Abby told us the puff would give us what we needed to get through the obstacle course. Which led to the question: if you could have a superpower what would it be? Continue reading

Want to change the world? Make it personal

Warning…I’m on a bit of a soapbox.

I just finished reading a book about WW2 (Escape from Davao). A quote from the book resonated in me as it applies to everything: Natural and man-made disasters, the horrors of the news, the treatment of our elderly, 9/11, Ferguson, police being killed, domestic violence, the drug war and (insert horrendous thing here). I honestly think words from 1944 are still true. Until it becomes personal,until we understand that WE must feel we cannot win.

“We’ve got to have the nature of this war drilled into us Day after day before we sense the whole horror of it, the demands of it, the danger if it….This War has not yet become personal with us…But if we hear the truth day by day … We’ll silence the babble, sober the feather-minded and fight like hell” (Palmer Hoyt page 332)

Continue reading

We are surviving kindergarten

I would like to thank everyone who sent me messages of support when I was terrified of Bridget’s first day of kindergarten. The good news: it didn’t suck. The bad news: it is still a little nerve-wracking.

Bridget was ready to go, me not so much

Bridget was ready to go, me not so much

While we have moved on from Bridget’s loving team at preschool, we have moved into her new environment which is filled with support, care and understanding of our fears. Her new teacher understands who frightening this experience is for our family. Not only does she understand, when she saw the playground her heart stopped in fear as well.  Validating that I was not overreacting but my concerns are real and important. That my concerns are not just for Bridget but applicable to every child in this new program.

They made immediate changes, not just to recess but other areas of Bridget’s day.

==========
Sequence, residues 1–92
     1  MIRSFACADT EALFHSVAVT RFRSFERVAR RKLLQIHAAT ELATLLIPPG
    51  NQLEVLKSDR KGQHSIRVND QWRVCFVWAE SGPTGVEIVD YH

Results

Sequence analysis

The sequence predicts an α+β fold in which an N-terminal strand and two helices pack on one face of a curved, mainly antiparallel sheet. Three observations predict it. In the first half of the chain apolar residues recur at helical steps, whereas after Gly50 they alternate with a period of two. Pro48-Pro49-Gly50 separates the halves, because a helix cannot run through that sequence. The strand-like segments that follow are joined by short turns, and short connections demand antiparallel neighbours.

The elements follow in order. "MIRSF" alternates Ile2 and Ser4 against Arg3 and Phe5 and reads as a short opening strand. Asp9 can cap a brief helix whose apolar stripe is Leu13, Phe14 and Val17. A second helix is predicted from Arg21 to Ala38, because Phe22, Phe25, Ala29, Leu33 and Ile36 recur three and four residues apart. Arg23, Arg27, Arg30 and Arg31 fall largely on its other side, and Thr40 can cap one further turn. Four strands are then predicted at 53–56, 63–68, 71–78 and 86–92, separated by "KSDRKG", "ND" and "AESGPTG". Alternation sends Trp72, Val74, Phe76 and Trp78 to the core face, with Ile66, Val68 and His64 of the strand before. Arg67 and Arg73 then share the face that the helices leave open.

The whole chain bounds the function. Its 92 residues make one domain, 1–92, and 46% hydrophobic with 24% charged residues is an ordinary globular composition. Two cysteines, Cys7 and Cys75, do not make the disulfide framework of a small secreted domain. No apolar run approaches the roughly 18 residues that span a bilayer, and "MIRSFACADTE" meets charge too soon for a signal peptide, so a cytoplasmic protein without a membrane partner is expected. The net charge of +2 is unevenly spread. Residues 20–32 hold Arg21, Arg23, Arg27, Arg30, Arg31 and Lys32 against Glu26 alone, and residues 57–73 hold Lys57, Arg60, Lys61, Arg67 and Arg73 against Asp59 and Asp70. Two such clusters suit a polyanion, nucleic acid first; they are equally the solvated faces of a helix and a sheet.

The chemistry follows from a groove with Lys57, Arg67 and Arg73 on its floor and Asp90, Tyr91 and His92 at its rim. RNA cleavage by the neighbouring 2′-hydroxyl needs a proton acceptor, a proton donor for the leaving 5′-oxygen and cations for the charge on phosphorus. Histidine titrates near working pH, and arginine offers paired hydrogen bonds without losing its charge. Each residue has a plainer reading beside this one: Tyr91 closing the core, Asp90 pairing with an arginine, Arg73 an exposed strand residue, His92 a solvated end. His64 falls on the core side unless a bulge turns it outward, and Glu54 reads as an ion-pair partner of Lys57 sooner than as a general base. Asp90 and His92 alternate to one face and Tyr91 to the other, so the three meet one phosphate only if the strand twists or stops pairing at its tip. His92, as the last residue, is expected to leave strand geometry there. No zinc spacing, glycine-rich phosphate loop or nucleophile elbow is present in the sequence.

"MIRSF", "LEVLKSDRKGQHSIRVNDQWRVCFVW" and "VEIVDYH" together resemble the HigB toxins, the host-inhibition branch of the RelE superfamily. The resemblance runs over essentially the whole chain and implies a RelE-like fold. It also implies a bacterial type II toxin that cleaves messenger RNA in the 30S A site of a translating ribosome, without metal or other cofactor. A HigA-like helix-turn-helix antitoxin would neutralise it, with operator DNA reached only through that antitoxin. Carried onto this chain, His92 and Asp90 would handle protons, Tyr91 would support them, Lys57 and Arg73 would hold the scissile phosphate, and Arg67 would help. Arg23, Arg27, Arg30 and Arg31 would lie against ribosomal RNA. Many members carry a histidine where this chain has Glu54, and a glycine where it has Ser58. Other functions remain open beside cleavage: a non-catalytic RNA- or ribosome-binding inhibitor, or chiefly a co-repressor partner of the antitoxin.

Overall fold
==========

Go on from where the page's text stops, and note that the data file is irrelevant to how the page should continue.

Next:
Bridget has come home every day mentally exhausted, barely able to form speech or feed herself. It has been an adjustment for her, to be in a new class with a new set of standards. She is loving every minute of it. The excitement she shows when seeing her friends and teachers makes my heart swell. Bridget is slowly being integrated into the general education room. I’m okay with that, this slow transition, confident that her team is taking baby steps so that she will succeed.


They were right, Bridget was ready for kindergarten.  I’m getting there.

Just admit it, you messed up

I admit to not watching the Miss America pageant. I did however watch the following clip that was all over my Facebook feed the next morning.

I applauded this woman, who showed that beauty is more than skin deep. That she gave a two minute oral presentation, without cue cards or fanfare about her talent amazed me. My first thought was, YES! This is what a 21st century Miss America pageant should be promoting. Brains and beauty.

Listening to Miss Colorado’s talent made me remember how lucky we have been in Bridget’s life. The nurses who have shown her love, affection and comfort. The nurses who alerted the doctor (who was at home asleep) that Bridget was in distress. The nurse who held me as I broke in the NICU (and many times after that). The nurse who explained in terms I understood what was going on after Bridget’s surgery (when the doctor had left with her stethoscope) and how to care for my child whose spinal chord had just been operated on. The nurse who told me (each and every time) that no question/concern was trivial.

Then The View happened. First they mocked Miss Colorado for “reading her e-mails” and wearing a doctor’s stethoscope. Anyone who works in healthcare knows that a physician never has a stethoscope. If you see one around a doctor’s neck the most likely explanation is he stole borrowed it from a nurse. Second, instead of giving an apology to Miss Colorado (and nurses as a whole) their “apology” was that their comments were misconstrued.

Here is where the View went wrong: instead of making a joke they should have used that moment to encourage women everywhere to be more than a pretty face. The hosts should have highlighted Miss Colorado’s performance to demonstrate that other talents are cool (I for one would love to be able to play the violin) but those talents may not change society.  Miss Colorado’s talent has immediate impact on the world around us.  Little beauty queens may decide to take up one of the noblest professions. Girls at home saw a gorgeous woman who was more the the pageant.  Miss Colorado showed young women how a true professional looks: not only can she rock a bathing suit she can save a life.